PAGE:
Thursday, October 5, 2023 · 8 min read

The Intricacies and Challenges of Implementing a CalDAV Supporting System for

Syed Ali Shabhaz
Syed Ali ShabhazDeveloper Relations Engineer
The Intricacies and Challenges of Implementing a CalDAV Supporting System for


Supporting the CalDAV protocol requires a thorough understanding of the nuances and specifics of this Internet standard. Implementing is not easy; we would see every other scheduling platform supporting this if it were. However, we at enjoy a challenge. CalDAV's integration is crucial for as it aligns with our vision of providing a transparent, flexible, and user-friendly scheduling infrastructure that can interact seamlessly with other calendar systems, promoting a more connected and efficient scheduling environment for everyone. 

We hope this blog clarifies the procedure and helps readers understand why having a reliable CalDAV integration is so tricky. Please join us as we navigate the complex labyrinth of CalDAV integration support for 

CalDAV and its Relevance to

A client can access scheduling data on a distant server using the Internet Standard Protocol known as CalDAV, short for Calendar Extensions to WebDAV. It enables a client to easily add, read, edit, and delete calendar events stored on a server. In essence, it allows users to share and manage calendar information online. It is one of the most requested integrations at and for a good reason. There are very few scheduling solutions supporting CalDAV.

This Internet standard for sharing calendar data is based on the iCalendar format, which is widely used. With the help of this standard, clients can easily update or retrieve data from the server. The fact that all of these actions can be carried out on diverse platforms and devices is convenient and valuable. This implies that your scheduling information can be synchronized whether you're using a desktop computer, smartphone, or tablet with differing operating systems to access it.

A brief look into the technical functionality of CalDAV

Let's say we want to create a new event in our calendar using CalDAV. We'd use an HTTP PUT request, which might look something like this:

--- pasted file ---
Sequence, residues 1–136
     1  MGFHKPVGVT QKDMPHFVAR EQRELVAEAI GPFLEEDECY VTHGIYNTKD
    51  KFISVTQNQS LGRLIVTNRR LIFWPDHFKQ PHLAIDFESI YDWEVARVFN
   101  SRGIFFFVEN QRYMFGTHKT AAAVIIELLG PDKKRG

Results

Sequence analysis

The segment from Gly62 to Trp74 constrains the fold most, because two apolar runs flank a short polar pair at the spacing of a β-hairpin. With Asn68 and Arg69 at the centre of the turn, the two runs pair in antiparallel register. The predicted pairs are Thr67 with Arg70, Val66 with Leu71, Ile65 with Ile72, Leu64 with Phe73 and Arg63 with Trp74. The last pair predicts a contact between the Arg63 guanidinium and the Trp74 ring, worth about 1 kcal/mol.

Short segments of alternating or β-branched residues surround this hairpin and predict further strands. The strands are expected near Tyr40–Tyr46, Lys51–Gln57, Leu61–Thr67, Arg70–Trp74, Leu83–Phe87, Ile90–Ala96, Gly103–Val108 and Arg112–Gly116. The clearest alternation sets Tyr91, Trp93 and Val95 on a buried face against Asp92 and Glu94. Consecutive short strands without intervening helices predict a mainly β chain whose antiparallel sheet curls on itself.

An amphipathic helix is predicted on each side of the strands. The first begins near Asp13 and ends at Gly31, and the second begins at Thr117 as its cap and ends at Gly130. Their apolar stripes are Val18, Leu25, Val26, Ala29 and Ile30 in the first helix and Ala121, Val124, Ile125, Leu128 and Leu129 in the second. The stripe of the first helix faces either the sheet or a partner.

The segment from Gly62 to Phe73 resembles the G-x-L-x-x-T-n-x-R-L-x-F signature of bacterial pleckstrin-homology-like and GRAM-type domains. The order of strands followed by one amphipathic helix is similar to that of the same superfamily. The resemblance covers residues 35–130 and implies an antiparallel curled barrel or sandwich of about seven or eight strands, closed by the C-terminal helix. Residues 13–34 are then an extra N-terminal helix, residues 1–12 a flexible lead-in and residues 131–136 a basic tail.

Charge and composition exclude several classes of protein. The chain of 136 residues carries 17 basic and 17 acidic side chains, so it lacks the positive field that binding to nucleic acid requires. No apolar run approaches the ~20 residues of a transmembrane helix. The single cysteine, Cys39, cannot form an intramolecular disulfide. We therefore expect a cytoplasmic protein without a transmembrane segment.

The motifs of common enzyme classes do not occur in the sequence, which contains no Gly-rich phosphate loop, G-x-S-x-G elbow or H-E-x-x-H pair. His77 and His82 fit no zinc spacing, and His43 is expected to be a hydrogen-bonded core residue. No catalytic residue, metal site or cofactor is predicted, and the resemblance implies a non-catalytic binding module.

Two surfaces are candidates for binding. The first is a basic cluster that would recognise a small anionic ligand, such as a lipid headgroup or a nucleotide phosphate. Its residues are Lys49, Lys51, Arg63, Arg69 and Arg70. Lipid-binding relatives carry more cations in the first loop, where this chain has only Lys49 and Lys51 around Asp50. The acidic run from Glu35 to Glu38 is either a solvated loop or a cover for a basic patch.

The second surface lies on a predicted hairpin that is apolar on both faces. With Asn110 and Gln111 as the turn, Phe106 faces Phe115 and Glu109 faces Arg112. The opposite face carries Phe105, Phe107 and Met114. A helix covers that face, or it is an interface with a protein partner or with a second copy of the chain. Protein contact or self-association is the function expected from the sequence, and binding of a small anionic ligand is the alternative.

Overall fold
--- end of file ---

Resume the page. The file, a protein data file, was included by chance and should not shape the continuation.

In this request, we're creating an event with a unique identifier (UID) of 1234567890; that's a team meeting scheduled to start at 2 PM and end at 3 PM on May 20, 2023.

To retrieve a list of events from the calendar, use a REPORT request with a time-range filter. It might look something like this:

In this REPORT request, we're asking for all events (VEVENT) within a specific date range from May 19, 2023, to June 19, 2023. The server would return an XML document with the data for each event in that date range.

This should give you a glimpse into the mechanics of CalDAV. It's a sophisticated protocol that, when implemented correctly, facilitates smooth and reliable calendar management. At, we are en route to enabling our support of the iCalendar 2.0 format. Employing this protocol ensures our users enjoy a superior scheduling experience. 

The Challenges of a CalDAV Implementation

Implementing a CalDAV supporting system comes with its share of technical intricacies. It requires a deep understanding of various server requirements, complex HTTP and XML structures, and advanced scheduling concepts. Let's delve into these aspects briefly:

Server requirements

Different CalDAV servers might have distinct nuances in interpreting and implementing the standard. Understanding these variations is crucial in ensuring a seamless experience for users when integrating with multiple calendar services. It's about diving deep into each server's documentation and getting your hands dirty with testing and debugging.

HTTP and XML Structures

CalDAV is built on top of the HTTP protocol and uses XML for data representation. The complex structure of HTTP requests/responses and XML data manipulation can pose a challenge. For instance, creating a proper REPORT request to fetch specific events or handling multi-status responses requires a robust understanding of these technologies.